If there were any scars left by the SARS epidemic, it was nowhere to be seen during a fair held by the Ministry of Transportation and Communications to boost tourism yesterday.
Thousands of people braved the searing heat to shop for travel packages offered by the "Easy Go! Taiwan Touches Your Heart" fair held in front of the Presidential Building.
With more than 100 stalls set up by travel agencies, airlines, bus and shipping companies, resort managers and the government's tourism units, the fair was a government effort to revitalize the SARS-hit economy.
"I want to remind our people that the lifeline of our country's economy is closely linked to tourism," said President Chen Shui-bian (
"If we fail to revive tourism, it would be difficult for us to bring other sectors back to life," Chen said.
Viewing people streaming into the fair, many of whom were parents carrying children, Chiou Charng-kuang (邱長光), chief of the Domestic Tourism Division of the MOTC's Tourism Bureau, was optimistic about the revival of tourism.
"Tourism suffered a drastic downturn after SARS broke out in Taipei Municipal Hoping Hospital. It was worst hit in April and May," Chiou said.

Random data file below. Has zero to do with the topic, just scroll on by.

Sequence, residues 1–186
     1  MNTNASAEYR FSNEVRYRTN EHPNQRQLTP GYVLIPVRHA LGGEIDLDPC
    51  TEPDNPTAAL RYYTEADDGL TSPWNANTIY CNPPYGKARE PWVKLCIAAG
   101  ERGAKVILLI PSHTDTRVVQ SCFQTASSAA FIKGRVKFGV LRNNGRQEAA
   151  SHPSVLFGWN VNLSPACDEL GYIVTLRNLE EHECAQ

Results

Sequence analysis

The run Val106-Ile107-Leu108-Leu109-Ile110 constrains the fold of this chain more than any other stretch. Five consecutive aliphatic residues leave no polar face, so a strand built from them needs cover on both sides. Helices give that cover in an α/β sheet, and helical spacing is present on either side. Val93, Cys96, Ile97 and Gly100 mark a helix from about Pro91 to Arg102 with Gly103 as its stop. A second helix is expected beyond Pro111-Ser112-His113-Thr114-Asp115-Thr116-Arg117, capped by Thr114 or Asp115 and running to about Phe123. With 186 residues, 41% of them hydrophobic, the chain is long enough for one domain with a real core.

According to Chiou, the number of tourists in April and May shrank by 50 to 70 percent compared with last year's figures for the same period.
But the industry began to pick up after the World Health Organization lifted its travel advisory on Taiwan on June 17.
"By now, domestic tourism has recovered by 80 to 90 percent," Chiou said.
"We expect domestic tourism to grow to pre-SARS levels next month," he added.
The Tourism Bureau lists 60 international hotels and 25 ordinary hotels in Taiwan on its Web site. From June 11 to 30, the bureau cut at least half of the hotels' room rates to attract tourists.
Chiou said because so many travel-related special offers are available, the number of domestic tourists in this summer vacation may exceed last year's.
Aloha, one of Taiwan's four major private bus companies running long-haul trips, set up a stall at the fair. In early June, one of its passengers was infected with SARS, fueling the public's fear of using mass transportation.
Aloha, which then launched large-scale disinfection of all its buses and donated NT$5 million to the MOTC as a SARS-research fund, saw a 30 percent reduction in its passengers in April and May.
But the bus company has emerged from the crisis created by SARS.
"Since the government lifted the regulation that facemasks are a must for passengers, our business has gradually recovered," said the company's engineer Luan Fu-sheng (
Hung Sen-yuan (
According to China Airlines Marketing Director in Taiwan Andy Sun (
"Flights from Taiwan to the US are virtually all packed," said Philip Wei (
"People have simply hid in their homes for too long. Now they all pour out," Wei said.